“My son said he often asks himself, ‘WWPD? What would a pony do?’ when deciding how to react to a person or a situation,” Edwards said. He decided to study the phenomenon to have data to fight the inevitable sneering blowback directed toward his son. He broke down the study’s findings of Brony demographics and behaviors—86 percent male, average age of 21, 63 percent college educated or above, with varying degrees of participation in the spectrum of out-and-proud Bronyism—then summed up. “It’s about love and tolerance,” he said, blinking out at the lights. You could tell he was pleased to have explained, to himself and to the crowd, just what in the actual hell his son has been getting up to.
Pushing through the at-capacity space—taking an occasional wing or mane to the face—that claim of love and tolerance rang true. People with their DeviantART usernames and gaming handles (DeviantART’s PurpleTinker helped organize the event) written on their nametags hugged it out whenever they met an Internet friend in person for the first time. Other nametags had cute monikers like “Milkshake” and “Cupcake.” Conversation seemed to come easily among the pony-loving strangers, many of whom drove hours to attend.
Terence McCarron, 28, made the trip from Schenectady with his wife. She was off visiting with city friends while he wandered BroNYCon in his homemade, hand-painted wings and rainbow tail, pointed robin’s-egg-blue pony ears strapped on over a black newsboy cap and rainbow-gradient hair. He got interested in “My Little Pony” the previous summer when a friend introduced him to the show. He didn’t know anyone at the conference. His wife, he said, “can’t believe” that he’s a Brony, but “doesn’t oppose.” For McCarron, being a Brony is no different than being a hard-core Harry Potter nerd or a fantasy baseball fanatic. He likes the “non-combatative fandom” he found, he likes the art and he likes the friendly message of the show.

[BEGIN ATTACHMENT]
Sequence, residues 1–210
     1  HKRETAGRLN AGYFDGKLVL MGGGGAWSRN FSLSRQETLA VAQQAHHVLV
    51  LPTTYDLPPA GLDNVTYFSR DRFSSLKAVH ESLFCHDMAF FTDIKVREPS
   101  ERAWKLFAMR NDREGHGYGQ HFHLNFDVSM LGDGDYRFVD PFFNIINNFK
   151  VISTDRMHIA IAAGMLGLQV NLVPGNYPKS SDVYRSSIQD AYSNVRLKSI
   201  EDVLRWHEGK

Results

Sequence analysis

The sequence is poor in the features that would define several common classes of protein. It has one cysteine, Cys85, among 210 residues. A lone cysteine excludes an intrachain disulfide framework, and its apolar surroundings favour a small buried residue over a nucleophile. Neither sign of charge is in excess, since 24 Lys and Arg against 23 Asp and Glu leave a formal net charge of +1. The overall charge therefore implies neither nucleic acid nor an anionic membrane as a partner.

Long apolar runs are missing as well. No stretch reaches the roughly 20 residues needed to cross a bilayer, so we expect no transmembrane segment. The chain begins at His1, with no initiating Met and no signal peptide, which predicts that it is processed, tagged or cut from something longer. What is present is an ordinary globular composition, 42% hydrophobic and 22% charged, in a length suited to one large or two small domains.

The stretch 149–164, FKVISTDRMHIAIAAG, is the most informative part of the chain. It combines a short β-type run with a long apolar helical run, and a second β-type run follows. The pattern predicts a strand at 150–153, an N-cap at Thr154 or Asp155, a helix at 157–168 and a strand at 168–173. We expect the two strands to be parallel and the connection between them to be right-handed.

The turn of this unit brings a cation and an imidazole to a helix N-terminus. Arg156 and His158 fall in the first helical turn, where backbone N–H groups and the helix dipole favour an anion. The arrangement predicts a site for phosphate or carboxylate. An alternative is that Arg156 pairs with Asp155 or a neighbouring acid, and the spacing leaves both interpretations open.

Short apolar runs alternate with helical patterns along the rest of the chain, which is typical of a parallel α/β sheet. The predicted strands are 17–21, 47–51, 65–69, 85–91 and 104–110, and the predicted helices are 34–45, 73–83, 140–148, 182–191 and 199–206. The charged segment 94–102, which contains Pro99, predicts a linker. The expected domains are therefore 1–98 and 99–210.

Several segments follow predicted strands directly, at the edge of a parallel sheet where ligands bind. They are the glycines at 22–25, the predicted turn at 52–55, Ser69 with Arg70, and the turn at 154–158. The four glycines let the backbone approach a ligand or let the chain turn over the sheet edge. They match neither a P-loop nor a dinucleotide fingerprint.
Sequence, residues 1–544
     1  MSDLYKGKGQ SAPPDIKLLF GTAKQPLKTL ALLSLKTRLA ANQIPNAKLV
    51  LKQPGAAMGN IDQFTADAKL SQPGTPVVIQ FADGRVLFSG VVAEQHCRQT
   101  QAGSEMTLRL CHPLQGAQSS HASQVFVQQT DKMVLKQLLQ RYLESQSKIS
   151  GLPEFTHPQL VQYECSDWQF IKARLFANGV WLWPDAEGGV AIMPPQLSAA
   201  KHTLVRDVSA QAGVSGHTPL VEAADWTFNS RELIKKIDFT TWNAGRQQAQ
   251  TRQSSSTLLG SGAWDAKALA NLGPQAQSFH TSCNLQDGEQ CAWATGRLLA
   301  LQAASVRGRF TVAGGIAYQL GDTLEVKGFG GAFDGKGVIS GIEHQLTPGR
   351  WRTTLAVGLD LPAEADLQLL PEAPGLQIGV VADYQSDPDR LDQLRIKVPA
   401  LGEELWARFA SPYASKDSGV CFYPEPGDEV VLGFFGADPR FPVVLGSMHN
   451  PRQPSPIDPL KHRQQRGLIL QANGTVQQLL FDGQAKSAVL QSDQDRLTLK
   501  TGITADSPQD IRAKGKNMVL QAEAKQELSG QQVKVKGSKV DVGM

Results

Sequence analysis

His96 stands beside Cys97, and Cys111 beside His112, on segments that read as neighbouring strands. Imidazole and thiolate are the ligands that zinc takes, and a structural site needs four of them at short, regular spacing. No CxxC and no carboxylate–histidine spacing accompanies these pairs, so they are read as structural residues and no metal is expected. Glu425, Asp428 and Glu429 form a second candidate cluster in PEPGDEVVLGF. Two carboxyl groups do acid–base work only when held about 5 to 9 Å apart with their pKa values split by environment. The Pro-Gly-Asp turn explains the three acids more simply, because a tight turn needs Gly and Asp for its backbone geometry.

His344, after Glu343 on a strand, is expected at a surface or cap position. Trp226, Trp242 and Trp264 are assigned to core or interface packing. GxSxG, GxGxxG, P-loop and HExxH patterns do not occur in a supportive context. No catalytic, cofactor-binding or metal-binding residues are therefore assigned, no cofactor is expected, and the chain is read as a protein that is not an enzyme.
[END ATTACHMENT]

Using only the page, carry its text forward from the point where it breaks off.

“At the very least, I don’t feel like I’m getting dumber when I watch it.”
Steve Decker, a Maryland Brony who was selling from his stock of hundreds of My Little Pony toys, each of them carefully enclosed in a Ziploc baggie, said that “My Little Pony” saved his life when he discovered it in 2004. His work as a student loan collections officer was making him suicidal. “My job was literally to ruin peoples’ lives,” he said. “Every day, I’d hope to get into an accident and die on my way to work.” Looking for some small, simple happiness, he went to Toys “R” Us. The boy toys were all focused on killing and violence, while many of the girls’ dolls were slutty or stupid, he said. The 2-for-1 sale on My Little Ponies clinched it for him.
“Everyone here is out to love and tolerate each other,” he said.
He met fellow Bronies online and now goes to monthly DC-area meet-ups, where he’s made close friends in the small group. He also has a new job as a courier, for which he’s free to wear pony shirts and pins. The happiness he found with ponies has turned his life around.
“I mean, all they do is have parties, make friends and eat cake! I can get behind that.”